Cervical curve pain is one of the most common ailments of the muscular-skeletal system. Patients are increasing looking for effective forms of treatment and exercises to help eliminate the pain. Rehabilitation offers a variety of methods for cervical curve treatment, such as manual therapy or carefully chosen exercise sets. Over the last few years stabilization exercises have become more popular and well-known.
What makes our spine stable? Due to the combined work of our muscles, ligaments, discs, and the specific build of vertebrae, our spine has a construction in which every vertebra has a limited of range of movement towards each other. If there are pathological factors which cause an increase in movement between vertebrae, this is known as spine instability.
Who are stabilizing exercises aimed at? People who suffer pain from a diagnosed instability of the cervical curve. This group includes people who suffered accidents (mostly traffic related), people spending long periods of time in front of the computer, and patients with cervical curve discopathy (slipped discs). Before starting rehabilitation it is necessary to consult a doctor or physiotherapist to receive the correct diagnostics and to eliminate the need for surgical treatment. You need to remember that pain is just a symptom, and you need to look for the cause. In cases involving pain in the cervical curve or pain radiating to upper limbs, the cause may be located outside the spine.
What are stabilizing exercises of the cervical curve based on? These exercises are based on the agitation of the deepest layer of muscle. There are a lot of theories regarding these types of exercises, which significantly differ from each other.
Indisputably, among the patients suffering from neck pain you can observe incorrect body postures where the head is pushed forwards. These patients start physiotherapy with exercises correcting body posture, causing head retraction. During head retraction it is worth lowering and relaxing the shoulders. This exercise is worth repeating several times a day. It is also advisable to assume this position when spending excessive time in front the computer, for example.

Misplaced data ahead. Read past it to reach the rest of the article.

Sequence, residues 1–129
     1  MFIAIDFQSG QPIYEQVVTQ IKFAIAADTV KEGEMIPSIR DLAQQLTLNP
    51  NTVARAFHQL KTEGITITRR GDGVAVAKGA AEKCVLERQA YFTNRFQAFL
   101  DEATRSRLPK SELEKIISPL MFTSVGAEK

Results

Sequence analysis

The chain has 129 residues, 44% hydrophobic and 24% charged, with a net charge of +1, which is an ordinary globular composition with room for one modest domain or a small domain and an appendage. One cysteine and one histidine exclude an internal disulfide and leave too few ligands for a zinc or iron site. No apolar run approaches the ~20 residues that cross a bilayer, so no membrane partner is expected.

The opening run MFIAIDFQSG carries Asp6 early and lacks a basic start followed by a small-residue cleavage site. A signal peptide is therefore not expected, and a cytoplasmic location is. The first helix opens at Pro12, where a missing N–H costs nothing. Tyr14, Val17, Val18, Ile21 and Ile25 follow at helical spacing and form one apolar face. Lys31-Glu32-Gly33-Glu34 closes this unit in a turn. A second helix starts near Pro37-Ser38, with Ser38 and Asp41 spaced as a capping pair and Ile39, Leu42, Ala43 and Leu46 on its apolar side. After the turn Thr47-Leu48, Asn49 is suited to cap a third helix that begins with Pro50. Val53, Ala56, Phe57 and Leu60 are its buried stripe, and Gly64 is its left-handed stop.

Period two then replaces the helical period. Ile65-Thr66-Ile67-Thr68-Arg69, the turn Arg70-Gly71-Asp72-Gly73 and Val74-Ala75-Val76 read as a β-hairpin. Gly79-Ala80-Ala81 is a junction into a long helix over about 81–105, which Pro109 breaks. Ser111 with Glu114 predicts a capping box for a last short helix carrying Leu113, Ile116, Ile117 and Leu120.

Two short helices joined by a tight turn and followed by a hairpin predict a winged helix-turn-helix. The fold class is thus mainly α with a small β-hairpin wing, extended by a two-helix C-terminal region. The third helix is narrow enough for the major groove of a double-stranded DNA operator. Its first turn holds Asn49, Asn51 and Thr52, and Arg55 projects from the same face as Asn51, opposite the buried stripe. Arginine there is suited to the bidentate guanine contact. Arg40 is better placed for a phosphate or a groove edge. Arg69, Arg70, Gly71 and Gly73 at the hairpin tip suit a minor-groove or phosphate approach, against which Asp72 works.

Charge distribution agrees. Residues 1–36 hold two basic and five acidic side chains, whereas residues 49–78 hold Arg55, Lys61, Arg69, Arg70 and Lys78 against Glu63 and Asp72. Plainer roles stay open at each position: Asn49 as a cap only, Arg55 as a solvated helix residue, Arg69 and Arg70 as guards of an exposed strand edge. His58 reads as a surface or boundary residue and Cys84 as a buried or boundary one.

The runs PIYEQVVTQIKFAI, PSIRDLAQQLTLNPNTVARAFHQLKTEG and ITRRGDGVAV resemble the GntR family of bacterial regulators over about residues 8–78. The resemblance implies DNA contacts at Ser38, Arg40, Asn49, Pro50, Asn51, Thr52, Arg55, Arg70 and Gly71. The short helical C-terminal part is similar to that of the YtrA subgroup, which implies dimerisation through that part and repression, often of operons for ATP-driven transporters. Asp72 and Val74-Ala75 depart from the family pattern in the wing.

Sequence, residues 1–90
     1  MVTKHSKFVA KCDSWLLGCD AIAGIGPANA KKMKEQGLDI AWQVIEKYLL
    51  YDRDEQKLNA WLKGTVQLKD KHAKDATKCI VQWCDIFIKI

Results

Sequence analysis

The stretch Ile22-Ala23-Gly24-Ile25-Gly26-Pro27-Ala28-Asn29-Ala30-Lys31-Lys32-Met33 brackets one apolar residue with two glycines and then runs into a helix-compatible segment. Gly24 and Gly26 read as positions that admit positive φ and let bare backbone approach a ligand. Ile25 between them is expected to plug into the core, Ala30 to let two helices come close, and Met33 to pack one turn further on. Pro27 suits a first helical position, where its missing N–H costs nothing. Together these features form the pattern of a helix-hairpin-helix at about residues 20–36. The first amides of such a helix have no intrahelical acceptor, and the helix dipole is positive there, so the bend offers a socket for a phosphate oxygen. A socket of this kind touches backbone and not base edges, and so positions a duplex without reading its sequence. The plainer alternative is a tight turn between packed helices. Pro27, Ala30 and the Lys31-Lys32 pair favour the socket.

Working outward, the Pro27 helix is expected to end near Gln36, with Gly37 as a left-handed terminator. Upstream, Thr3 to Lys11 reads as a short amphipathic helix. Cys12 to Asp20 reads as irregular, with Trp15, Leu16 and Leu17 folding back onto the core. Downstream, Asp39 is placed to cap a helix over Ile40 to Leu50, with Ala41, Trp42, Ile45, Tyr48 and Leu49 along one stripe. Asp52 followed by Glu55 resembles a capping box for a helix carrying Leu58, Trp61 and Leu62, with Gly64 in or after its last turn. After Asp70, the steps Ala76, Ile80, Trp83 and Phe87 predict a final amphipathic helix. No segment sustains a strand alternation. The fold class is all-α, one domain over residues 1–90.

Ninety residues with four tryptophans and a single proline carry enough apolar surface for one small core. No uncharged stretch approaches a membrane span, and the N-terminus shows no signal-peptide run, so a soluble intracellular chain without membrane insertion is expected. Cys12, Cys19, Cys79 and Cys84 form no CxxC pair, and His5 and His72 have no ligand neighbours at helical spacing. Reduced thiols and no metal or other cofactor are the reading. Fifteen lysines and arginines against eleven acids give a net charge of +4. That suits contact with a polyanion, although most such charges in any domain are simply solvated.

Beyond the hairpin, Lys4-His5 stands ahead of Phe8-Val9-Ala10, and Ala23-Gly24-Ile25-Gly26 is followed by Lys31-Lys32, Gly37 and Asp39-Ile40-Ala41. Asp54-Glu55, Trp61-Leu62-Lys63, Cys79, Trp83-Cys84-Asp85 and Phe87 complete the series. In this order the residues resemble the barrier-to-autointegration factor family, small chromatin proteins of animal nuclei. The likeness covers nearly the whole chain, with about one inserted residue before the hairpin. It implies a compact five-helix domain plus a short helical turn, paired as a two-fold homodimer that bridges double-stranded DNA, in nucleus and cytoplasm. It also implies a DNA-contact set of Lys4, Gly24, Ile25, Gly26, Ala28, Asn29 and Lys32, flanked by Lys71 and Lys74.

Very good exercises for cervical curve stabilization are exercises involving eyesight. In these cases, special equipment is used, for example, Sensoneck. During exercises a special board is used on which different lines are drawn. The patient wears a laser band on their head, and the exercise is based on moving the laser exactly along the lines.
Some physiotherapists are supporters of isometric exercises carried out by the patient unassisted. In these exercises the patient puts their cervical curve in the correct position, and with one or both hands pushes against their forehead, back of the head, or side of the head. During the exercise the head remains still.
Exercises using rubber materials are well-regarded by physiotherapists. These exercises are performed in a sitting or standing position with a protracted head, while the patient pulls and manipulates the rubber in different directions. An example exercise: the patient is sitting on a chair, head protracted and shoulders relaxed, and the rubber material placed at a chest level. The patient pulls the rubber to the level of the hips, before slowly returning to the starting position. During the exercise the head remains still, and elbows straight.
It must be mentioned that patients can also pull the rubber from a lower position to a higher position, on the sides, or just stretching the rubber in front of the chest. You always need to remember to correctly position the head.
There are also neck stabilization exercises which use rapid arm movement frequency. An example exercise: the patient is sitting on a chair, head protracted. The patient lifts their arms to a chest level in front of the body, palms facing each other, elbows straight. The patient makes quick, alternative chopping motions up and down. The chopping motions should not be made with huge deviation, but be at a rapid frequency. Finally it should be noted that correct functioning of the spine also depends on our general condition. Walking, running, swimming, and cycling are general activities which help us to keep fit while positively supporting the condition of the spine. However, none of these exercises should result in pain! In case of any pain occurrence when performing these exercises, you must stop and consult a physiotherapist.